Guaranteed investment contract
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A guaranteed investment contract (GIC) is a contract that guarantees repayment of principal and a fixed or floating interest rate for a predetermined period of time. Guaranteed investment contracts are typically issued by life insurance companies qualified for favorable tax status under the Internal Revenue Code (for example, 401(k) plans). A GIC is used primarily as a vehicle that yields a higher return than a savings account or United States Treasury securities and GICs are often used as investments for stable value funds. GICs are sometimes referred to as funding agreements, although this term is often reserved for contracts sold to non-qualified institutions.
It is not to be confused with a Guaranteed Investment Certificate, a product sold by Canadian banks, which also goes by the acronym of GIC.
Example: Funds obtained through a municipal bond issuance will generally take time to be drawn down. Depositing the bond proceeds in a GIC gives the bond issuer the liquidity of having the funds available while earning a higher rate of return than it would earn in a money market account. GICs are considered safe vehicles since most insurance companies offering them are rated in the AA to AAA range.
As of 1990, a large amount of people's 401k retirement money had been invested into GICs. However, when life insurance companies started failing, people began to lose their faith in GICs as a product. For example, Executive Life Insurance Company had some junk bond problems in 1990, and people started redeeming their GICs. So many people redeemed Executive GICs that it couldn't pay all that it owed. It was 'failed' and seized by the government. Investors who had bought GICs, such as the Unisys employee fund, found that their money was frozen. This resulted in a lawsuit against Unisys.
In 1995 the New York State Insurance Department enabled the 'monoline' municipal-bond insurance companies to write insurance on GICs. Thus if the GIC issuer failed, the monoline insurer could pay back investors instead. Insured GICs were called "wrapped" GICs.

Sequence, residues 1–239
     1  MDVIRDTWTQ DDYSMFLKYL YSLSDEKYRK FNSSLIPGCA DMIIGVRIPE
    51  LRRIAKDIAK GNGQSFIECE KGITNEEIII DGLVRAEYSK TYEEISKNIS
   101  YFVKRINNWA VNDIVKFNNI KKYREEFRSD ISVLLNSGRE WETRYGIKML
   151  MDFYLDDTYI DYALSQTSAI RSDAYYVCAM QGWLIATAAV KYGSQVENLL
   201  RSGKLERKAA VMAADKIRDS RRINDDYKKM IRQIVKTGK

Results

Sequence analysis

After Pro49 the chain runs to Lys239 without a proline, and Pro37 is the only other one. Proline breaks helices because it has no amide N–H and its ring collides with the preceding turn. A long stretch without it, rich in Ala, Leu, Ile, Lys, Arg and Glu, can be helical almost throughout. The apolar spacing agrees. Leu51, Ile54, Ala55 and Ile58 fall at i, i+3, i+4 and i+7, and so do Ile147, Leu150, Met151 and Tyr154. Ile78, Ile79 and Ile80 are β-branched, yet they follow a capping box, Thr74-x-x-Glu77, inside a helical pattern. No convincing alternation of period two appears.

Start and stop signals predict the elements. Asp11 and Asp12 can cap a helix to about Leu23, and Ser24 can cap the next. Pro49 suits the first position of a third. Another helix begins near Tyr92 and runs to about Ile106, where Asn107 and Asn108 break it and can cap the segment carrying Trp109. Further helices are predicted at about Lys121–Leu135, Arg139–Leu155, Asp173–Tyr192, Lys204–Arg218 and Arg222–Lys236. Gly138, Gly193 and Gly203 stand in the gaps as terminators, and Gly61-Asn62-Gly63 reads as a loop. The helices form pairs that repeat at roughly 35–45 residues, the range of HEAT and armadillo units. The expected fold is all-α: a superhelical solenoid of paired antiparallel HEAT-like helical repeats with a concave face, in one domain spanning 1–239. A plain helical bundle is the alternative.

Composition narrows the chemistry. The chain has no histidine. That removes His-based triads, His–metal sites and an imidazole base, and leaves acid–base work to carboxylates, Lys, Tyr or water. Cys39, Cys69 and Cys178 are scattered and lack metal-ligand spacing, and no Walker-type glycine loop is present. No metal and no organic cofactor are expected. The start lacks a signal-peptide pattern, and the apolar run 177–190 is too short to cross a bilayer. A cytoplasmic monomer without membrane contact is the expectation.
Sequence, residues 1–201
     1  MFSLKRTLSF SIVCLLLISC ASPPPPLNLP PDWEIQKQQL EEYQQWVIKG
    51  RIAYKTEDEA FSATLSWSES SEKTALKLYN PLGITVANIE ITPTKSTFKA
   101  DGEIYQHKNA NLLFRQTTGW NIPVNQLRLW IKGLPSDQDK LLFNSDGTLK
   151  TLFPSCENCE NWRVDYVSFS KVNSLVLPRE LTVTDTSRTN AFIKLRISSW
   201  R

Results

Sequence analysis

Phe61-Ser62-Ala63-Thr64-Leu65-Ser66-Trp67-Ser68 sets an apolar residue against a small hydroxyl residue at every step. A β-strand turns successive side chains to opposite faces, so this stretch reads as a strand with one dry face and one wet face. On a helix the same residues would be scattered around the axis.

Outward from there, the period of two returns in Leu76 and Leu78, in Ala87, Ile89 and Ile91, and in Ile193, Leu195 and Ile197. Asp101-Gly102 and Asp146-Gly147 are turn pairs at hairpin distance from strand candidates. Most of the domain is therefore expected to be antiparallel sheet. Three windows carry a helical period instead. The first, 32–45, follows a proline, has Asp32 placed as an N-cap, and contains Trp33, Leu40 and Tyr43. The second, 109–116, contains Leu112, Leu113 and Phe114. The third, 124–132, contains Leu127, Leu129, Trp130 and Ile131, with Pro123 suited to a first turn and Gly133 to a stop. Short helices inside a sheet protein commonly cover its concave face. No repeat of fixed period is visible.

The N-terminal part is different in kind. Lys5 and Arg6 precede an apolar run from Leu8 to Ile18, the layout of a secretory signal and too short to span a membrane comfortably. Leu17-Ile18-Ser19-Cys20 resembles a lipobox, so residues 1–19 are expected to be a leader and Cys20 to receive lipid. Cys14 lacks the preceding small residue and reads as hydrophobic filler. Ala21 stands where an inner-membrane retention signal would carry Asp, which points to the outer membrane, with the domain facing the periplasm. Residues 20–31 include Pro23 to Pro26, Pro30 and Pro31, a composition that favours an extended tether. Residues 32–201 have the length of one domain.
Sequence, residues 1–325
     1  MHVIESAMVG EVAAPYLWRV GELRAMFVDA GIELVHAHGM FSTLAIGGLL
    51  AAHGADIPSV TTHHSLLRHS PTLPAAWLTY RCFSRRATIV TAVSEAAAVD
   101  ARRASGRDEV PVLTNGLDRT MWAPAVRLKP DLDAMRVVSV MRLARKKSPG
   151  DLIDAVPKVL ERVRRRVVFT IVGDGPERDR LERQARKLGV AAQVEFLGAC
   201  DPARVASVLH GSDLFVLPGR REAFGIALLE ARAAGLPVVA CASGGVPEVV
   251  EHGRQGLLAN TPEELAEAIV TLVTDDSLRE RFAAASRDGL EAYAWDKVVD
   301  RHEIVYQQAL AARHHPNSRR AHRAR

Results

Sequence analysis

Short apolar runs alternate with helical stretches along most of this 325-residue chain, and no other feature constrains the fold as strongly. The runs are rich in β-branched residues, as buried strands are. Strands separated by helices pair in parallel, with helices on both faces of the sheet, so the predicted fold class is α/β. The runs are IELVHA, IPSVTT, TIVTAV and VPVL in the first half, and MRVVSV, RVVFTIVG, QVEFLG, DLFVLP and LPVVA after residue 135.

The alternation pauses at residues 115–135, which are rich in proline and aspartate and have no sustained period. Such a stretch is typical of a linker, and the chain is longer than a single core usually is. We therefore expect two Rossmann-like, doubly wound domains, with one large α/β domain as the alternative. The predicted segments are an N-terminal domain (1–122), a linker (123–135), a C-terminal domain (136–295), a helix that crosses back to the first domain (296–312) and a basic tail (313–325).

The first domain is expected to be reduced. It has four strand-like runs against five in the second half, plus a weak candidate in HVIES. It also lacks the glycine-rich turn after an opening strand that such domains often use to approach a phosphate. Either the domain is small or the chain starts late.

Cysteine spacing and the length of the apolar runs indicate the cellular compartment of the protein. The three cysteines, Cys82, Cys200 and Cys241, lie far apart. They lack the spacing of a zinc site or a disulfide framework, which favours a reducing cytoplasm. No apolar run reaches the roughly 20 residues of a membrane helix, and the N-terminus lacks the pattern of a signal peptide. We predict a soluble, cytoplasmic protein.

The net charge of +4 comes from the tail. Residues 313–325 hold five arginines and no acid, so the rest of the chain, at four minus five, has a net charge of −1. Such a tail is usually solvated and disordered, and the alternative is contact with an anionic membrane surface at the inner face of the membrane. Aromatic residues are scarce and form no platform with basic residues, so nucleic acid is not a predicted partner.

In the late 2000s, AIG, a holding company and not an insurance company, was bailed out by the federal government to the tune of over a hundred billion dollars. The NY Times reported that some of the government money (at least 9 billion dollars) was used to pay out on "Guaranteed Investment Agreement" contracts that AIG had sold to investors.
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- This involved contracts used for collateral with credit defaults swaps (CDS) written by AIG Inc. that were in default. As a holding company, AIG Inc. is a separate, federally regulated legal entity that is distinct and apart from its subsidiary insurers. AIG insurance companies were always solvent with capacity to pay insurance coverages, including contract holders. And AIG Inc. would not have been allowed to use assets of insurance subsidiaries without the approval of insurance regulators, per Sandy Praeger, president of the National Association of Insurance Commissioners (NAIC). Where did AIG's cash go? By MARY WILLIAMS WALSH, NY Times, October 29, 2008, accessed 2010 5 1
- AIG has posted information about some of the uses of the bailout money at its website, Related Resources, at aig.com. This includes a PDF listing of GIAs paid out to various parties between 9/16/08 and 12/31/08. These parties include municipalities, hospitals, states, foreign entities, etc. The total is $9,500,000,000 (9.5 billion) dollars. Please see: AIG. "Attachment C – Payments Under Guaranteed Investment Agreements" (pdf). Retrieved 2010-05-01.
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